“It’s no good, I’m going to have to cancel”.
An old friend of mine had just received a letter from her pet insurance provider and her cat’s monthly premium had gone up again. That wasn’t too much of a surprise; he was becoming an older gentleman and as bodies age, they will be subject to more wear and tear. He was also a pedigree cat, statistically more likely to visit the vet compared to the average moggy. The liability he posed for the insurer was pushing up his premium.
This time the premium had risen to a level that left my friend calculating whether continuing the policy was worth it.
As a vet, you might be surprised to hear that in this case, I agreed that cancelling the insurance policy might not be the wrong decision. Let me explain.
Table of contents
- My friend’s cat had a reputation that preceded him
- Cats as a species share many similar traits but all have their individual quirks and tolerance levels
- But is pet insurance always a force for good?
- In practice, avoiding overtreatment is not as straightforward as it may seempet
- What owners and vets must unite to do is to consider the specific animal presented to them
- Further reading:
My friend’s cat had a reputation that preceded him
Visitors to the house would give him a wide berth, tempted as they may have been by his pedigree good looks. He was not exactly the cuddly type. Before my friend had acquired him, he had experienced very little handling during the crucial socialisation period for cats, which lasts between 2 and 7 weeks of age. As a result, he was fiercely independent – ‘fierce’ being the operative word. In the domesticity of the home, he could quite easily become overwhelmed; resulting in a stress-induced house-soiling incident or, in his younger years, a random attack.
He was certainly not a good candidate for any prolonged or invasive veterinary care; the stress of administering tablets day after day or ongoing examinations by the vet would have resulted in a miserable quality of life for him. As he entered his teenage years, the likelihood of a chronic, ongoing illness befalling him became more likely than a short-term problem that could be remedied with a quick one-off treatment.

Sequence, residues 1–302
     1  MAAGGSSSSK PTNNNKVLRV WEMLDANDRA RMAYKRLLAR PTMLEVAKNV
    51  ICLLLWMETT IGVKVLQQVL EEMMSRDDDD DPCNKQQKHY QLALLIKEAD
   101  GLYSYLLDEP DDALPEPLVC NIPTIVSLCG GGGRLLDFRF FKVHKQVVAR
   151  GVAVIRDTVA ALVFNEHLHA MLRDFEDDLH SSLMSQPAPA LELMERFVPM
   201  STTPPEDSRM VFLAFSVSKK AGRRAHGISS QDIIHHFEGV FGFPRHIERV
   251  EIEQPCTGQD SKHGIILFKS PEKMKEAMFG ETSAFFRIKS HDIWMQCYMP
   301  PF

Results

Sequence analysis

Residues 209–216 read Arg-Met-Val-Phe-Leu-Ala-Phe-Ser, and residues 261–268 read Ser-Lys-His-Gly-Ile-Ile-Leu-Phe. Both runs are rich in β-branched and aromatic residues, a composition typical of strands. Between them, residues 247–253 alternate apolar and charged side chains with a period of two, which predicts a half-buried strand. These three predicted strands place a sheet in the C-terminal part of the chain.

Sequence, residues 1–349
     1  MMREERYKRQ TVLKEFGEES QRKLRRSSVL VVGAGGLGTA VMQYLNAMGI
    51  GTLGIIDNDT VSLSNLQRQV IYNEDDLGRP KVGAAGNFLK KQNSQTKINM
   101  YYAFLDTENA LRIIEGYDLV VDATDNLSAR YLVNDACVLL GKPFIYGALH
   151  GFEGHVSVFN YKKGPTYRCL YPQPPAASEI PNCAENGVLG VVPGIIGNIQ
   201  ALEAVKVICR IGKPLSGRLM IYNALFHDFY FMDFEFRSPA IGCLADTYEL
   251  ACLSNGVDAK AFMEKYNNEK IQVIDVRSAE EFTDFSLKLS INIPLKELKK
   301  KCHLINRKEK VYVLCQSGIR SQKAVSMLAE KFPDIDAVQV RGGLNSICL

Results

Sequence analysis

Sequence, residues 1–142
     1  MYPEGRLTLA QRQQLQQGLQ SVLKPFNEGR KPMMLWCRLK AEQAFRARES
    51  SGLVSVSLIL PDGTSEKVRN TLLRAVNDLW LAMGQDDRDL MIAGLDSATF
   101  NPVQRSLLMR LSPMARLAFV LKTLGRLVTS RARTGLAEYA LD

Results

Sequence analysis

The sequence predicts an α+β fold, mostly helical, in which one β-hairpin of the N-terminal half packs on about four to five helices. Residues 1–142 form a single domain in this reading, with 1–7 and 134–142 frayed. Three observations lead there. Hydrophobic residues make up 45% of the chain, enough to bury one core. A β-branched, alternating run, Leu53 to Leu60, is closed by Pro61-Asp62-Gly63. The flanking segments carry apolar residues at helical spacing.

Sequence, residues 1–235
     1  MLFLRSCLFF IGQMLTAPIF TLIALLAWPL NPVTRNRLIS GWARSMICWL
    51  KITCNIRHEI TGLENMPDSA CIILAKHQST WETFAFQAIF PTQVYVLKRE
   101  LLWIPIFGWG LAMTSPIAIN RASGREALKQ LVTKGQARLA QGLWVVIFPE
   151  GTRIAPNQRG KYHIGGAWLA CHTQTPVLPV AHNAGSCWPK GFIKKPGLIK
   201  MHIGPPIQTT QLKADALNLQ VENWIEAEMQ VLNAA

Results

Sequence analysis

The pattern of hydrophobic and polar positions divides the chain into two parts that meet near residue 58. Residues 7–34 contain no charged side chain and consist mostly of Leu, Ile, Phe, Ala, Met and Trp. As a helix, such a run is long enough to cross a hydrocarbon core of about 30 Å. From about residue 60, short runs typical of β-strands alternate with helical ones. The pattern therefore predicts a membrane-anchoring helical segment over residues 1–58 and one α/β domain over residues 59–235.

The question I had to ask my friend was, considering his character and advancing age, would he be better off with earlier euthanasia as an alternative to prolonged and potentially expensive treatment? If the answer is the former, then perhaps cancelling the insurance policy would not alter any future care decisions a great deal.
Cats as a species share many similar traits but all have their individual quirks and tolerance levels
What was best for my friend’s cat may not be best for yours. Before cancelling your cat’s insurance, my advice is to tread carefully. The average pet insurance claim increased by £31 to £848 in 2021, according to 2022 Association of British Insurers (ABI) figures. That is a heck of a lot of money to find unexpectedly. A poorly pet can put a huge strain on an already-stretched household budget. Even routine treatment can be very costly. Cat fight wounds are very common and can cost hundreds of pounds to put right. Because of the costs of veterinary care, many argue that pet insurance ought to be made compulsory. It can save lives.
But is pet insurance always a force for good?
Can having pet insurance encourage vets and owners to pursue tests and treatments that are not necessarily in the animal’s best interests? Particularly in the case of cats, who as a species can be less tolerant of prolonged veterinary care? Does insurance facilitate ‘overtreatment’?
Some owners may question the motivation of vets when expensive treatments are suggested in the consulting room. Do vets see an insurance policy as a blank cheque and start rubbing their hands in anticipation of a big pay bonus that month? I have been a vet for fifteen years and perhaps I can reassure you that the majority of us are not on commission. We will receive the same monthly take-home pay whether or not an animal undergoes a high-cost course of treatment.
Even so, overtreatment can happen.
Overtreatment can be defined as:
- A treatment that results in a poorer quality of life than no treatment at all.
- A treatment that is chosen in favour of a less expensive treatment that would be equally effective.
- Or a treatment or test that makes no difference to the animal’s condition or quality of life.
In practice, avoiding overtreatment is not as straightforward as it may seempet
What owners and vets must unite to do is to consider the specific animal presented to them
For my friend’s stressed-out cat, the decision of whether to pursue a particular treatment would be very different to that of a more tolerant, laid-back cat for example. Avoiding overtreatment requires a high level of communication between an owner and their vet. The path to follow should never be driven by whether the animal is insured. It’s all about ‘contextualised care’; looking at the individual animal and deciding whether the treatment or test would be right for them. In most cases, having insurance simply means there is one less thing to factor into the decision.